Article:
To Be or Not to Be... in 3D

CYBERSPACE: Depending on who’s asked, 3DTV is either the greatest thing since sliced bread or a resounding yawn. Newly minted 3D network executives are in the sliced-bread camp. Folks who make up the audience are yawning.

Tom Cosgrove is of the former, hoping to see 30 to 40 3DTV channels launch in the next five years. Cosgrove is president and CEO of the 3DTV channel project in progress from Sony, Discovery and IMAX. The net is set to launch next year. His comments were reported from the CTAM Summit in New Orleans. He allowed 3DTV is in the “early-adopter phase,” and that not everyone was on board.

Among the underwhelmed, around 13,500 folks queried in a recent Zagat Survey had no interest in “having 3D technology at home.” These indifferentees comprised 65 percent of movie-goers surveyed by Zagat. They were okey-dokey with the format for film--54 percent liked it “occasionally.” Just 9 percent wished for more content.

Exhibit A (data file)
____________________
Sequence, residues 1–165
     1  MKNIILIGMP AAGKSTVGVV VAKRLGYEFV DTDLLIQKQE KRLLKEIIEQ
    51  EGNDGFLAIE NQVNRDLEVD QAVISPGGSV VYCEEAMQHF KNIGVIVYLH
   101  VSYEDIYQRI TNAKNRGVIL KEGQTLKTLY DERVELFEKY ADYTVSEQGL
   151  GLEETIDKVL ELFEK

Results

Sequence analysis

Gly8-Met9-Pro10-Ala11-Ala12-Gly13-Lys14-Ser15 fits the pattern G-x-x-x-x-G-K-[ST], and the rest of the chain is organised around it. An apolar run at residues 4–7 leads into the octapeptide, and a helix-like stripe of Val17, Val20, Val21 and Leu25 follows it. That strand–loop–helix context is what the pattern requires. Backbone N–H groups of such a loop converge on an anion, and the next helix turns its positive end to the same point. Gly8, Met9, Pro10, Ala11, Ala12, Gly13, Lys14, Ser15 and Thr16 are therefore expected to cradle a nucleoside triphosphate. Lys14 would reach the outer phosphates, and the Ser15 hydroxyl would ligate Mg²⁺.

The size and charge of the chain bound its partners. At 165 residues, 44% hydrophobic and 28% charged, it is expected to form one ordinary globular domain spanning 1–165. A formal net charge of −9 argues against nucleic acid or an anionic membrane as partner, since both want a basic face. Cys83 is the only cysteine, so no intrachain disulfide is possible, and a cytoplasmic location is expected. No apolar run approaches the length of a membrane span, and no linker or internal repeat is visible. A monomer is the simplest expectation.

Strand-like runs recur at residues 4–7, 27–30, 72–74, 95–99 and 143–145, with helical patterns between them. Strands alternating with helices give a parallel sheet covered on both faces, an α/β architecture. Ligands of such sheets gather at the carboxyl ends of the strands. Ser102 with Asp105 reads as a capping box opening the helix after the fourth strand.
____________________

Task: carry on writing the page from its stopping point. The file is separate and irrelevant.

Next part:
Zagat surveyed 20,773 people about favorite films, mediums and formats. “The Godfather,” “The Godfather Part II,” “Casablanca,” and “Schindler’s List” rounded out the top four. Virtually none of the top 20 were 3D films, though “Star Wars” at No. 7 is getting the 3D treatment for a 2012 theatrical re-release.

As for 3DTV, several surveys and common sense have demonstrated that cost and glasses are primary barriers to adoption. More than half of U.S. TV households now have HDTVs, many of them purchased within the last five years. The expense of adopting a relatively immature technology that’s tethered to the need for specialized glasses is not particularly attractive, especially during a recession.

“While TV manufacturers have bold plans and a lot of new products, consumers remain cautious,” DisplaySearch’s Paul Gray said recently. “Consumers have been told that 3DTV is the future, but there still remains a huge price jump and little 3D content to watch.” 

Market analysts expect between 1.6 million and 2.1 million 3DTVs to ship in North America this year--less than 2 percent of the total number of U.S. TV households. The estimates don’t represent purchases. BSkyB, which launched a 3DTV service Oct. 1, expects to have between nearly 2 and 7 percent uptake within a year.
-- Deborah D. McAdams